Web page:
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Child Abuse Admissions Up During Mortgage Crisis

Last Updated: July 16, 2012.

 

Hospital admissions of children due to abuse, TBI increased 1, 3 percent per year over last decade

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The rates of hospital admissions of children for physical abuse and high-risk traumatic brain injury have increased over the past 10 years and appear to be associated with the housing mortgage crisis, according to research published online July 16 in Pediatrics.

MONDAY, July 16 (HealthDay News) -- The rates of hospital admissions of children for physical abuse and high-risk traumatic brain injury (TBI) have increased over the past 10 years and appear to be associated with the housing mortgage crisis, according to research published online July 16 in Pediatrics.

Joanne N. Wood, M.D., M.S.H.P., of the Children's Hospital of Philadelphia, and colleagues conducted a retrospective study of children admitted to 38 hospitals, from 2000 to 2009, for physical abuse; non-birth, non-motor vehicle crash-related TBI in infants less than 1 year of age; and all-cause injuries.

The researchers found that hospital admissions of children for physical abuse increased by 0.79 percent per year from 2000 to 2009. Similarly, children admitted for high-risk TBI increased by 3.1 percent per year. During this same period, all-cause injury rates decreased by 0.80 percent per year. Abuse and high-risk TBI admission rates were not related to local unemployment rates, but they were statistically significantly associated with the current mortgage delinquency rate and the change in delinquency and foreclosure rates from the preceding year.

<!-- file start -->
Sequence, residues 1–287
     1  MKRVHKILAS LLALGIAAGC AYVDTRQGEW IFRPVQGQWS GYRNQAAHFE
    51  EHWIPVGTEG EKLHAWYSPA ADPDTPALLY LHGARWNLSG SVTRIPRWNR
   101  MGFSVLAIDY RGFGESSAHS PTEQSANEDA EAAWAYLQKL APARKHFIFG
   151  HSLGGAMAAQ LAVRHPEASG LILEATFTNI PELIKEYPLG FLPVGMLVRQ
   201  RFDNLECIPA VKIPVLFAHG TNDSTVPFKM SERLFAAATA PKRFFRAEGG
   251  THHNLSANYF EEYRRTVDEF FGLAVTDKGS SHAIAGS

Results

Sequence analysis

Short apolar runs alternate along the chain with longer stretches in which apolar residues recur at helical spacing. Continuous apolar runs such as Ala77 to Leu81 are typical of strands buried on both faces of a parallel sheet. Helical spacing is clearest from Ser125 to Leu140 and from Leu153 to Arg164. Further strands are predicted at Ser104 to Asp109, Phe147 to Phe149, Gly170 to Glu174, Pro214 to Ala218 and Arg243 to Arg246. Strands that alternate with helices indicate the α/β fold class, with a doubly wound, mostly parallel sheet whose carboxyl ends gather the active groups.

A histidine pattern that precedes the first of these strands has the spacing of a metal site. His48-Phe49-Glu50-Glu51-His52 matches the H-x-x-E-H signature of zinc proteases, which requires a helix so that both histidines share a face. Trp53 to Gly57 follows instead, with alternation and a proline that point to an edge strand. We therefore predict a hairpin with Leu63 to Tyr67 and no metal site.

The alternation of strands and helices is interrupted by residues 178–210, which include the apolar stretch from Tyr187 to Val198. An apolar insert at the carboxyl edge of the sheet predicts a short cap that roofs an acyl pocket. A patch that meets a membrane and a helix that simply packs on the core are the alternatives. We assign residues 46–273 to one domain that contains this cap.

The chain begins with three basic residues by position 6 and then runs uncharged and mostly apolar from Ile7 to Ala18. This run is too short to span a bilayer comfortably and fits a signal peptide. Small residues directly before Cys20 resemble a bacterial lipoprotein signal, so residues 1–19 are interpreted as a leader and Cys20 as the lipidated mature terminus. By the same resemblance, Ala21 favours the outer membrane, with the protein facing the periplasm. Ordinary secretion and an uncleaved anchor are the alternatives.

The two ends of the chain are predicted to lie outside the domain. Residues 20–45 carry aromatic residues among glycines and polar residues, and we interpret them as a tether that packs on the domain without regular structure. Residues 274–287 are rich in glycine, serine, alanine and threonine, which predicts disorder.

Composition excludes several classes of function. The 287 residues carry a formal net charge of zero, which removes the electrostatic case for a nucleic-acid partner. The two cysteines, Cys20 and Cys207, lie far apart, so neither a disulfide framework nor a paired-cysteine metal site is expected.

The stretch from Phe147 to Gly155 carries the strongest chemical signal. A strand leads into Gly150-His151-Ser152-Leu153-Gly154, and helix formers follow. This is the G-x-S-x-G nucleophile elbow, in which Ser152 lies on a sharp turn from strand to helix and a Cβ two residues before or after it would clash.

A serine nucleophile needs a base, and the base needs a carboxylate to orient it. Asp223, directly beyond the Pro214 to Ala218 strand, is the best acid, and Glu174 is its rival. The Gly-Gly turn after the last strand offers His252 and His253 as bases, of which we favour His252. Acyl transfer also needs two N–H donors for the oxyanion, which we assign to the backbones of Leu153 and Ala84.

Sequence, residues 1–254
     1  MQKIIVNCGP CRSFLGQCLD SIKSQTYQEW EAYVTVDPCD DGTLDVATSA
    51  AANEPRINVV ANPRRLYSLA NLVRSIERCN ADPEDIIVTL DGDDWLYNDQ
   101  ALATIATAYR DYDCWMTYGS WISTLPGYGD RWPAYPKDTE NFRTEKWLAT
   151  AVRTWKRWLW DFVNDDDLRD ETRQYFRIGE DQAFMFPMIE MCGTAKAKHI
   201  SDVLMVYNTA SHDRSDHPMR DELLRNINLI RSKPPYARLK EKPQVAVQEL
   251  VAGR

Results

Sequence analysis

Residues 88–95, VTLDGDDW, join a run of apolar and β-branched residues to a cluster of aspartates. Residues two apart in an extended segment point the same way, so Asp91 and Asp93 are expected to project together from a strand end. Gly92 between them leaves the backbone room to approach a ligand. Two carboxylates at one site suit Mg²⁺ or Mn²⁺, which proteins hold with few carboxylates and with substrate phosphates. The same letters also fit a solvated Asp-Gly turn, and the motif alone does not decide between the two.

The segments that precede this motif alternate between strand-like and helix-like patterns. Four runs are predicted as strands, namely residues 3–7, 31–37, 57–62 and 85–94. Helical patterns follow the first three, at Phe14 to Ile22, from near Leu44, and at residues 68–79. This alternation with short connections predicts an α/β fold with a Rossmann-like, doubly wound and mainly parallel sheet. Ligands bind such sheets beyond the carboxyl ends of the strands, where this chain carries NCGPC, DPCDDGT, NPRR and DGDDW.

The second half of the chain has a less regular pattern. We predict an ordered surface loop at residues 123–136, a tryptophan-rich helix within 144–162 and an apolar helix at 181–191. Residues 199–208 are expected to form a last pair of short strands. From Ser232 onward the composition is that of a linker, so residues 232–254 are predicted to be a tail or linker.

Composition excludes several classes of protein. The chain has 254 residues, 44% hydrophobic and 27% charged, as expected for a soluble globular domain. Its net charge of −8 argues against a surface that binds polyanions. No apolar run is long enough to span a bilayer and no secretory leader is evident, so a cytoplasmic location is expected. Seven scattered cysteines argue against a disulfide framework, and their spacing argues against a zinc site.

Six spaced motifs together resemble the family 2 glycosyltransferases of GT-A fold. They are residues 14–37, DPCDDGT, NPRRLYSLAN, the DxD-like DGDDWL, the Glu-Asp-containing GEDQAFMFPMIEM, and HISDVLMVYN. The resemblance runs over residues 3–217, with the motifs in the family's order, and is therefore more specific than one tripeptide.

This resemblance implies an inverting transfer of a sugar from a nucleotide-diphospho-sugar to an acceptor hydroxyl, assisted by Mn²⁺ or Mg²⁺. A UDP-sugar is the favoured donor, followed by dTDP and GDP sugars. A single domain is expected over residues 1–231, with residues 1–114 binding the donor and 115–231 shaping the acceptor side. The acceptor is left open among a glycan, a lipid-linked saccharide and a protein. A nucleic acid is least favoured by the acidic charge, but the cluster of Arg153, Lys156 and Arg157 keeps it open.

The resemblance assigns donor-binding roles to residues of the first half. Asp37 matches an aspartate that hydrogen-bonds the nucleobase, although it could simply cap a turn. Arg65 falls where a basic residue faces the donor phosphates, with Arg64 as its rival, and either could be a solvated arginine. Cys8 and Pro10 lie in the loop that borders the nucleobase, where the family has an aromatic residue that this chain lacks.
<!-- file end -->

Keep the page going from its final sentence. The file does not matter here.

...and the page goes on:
"This study revealed that rates of hospital admissions for physical abuse and high-risk TBI have increased at children's hospitals across the country over the past 10 years," the authors write. "Within geographic regions, macroeconomic housing trends, in particular, 90-day delinquency rate and active mortgage foreclosures, were associated with both diagnosed physical abuse admissions as well as high-risk TBI admissions that carry a high suspicion for abuse."

One study author disclosed receiving payment as an expert witness for court testimony in cases of suspected child abuse.

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Copyright © 2012 HealthDay. All rights reserved.


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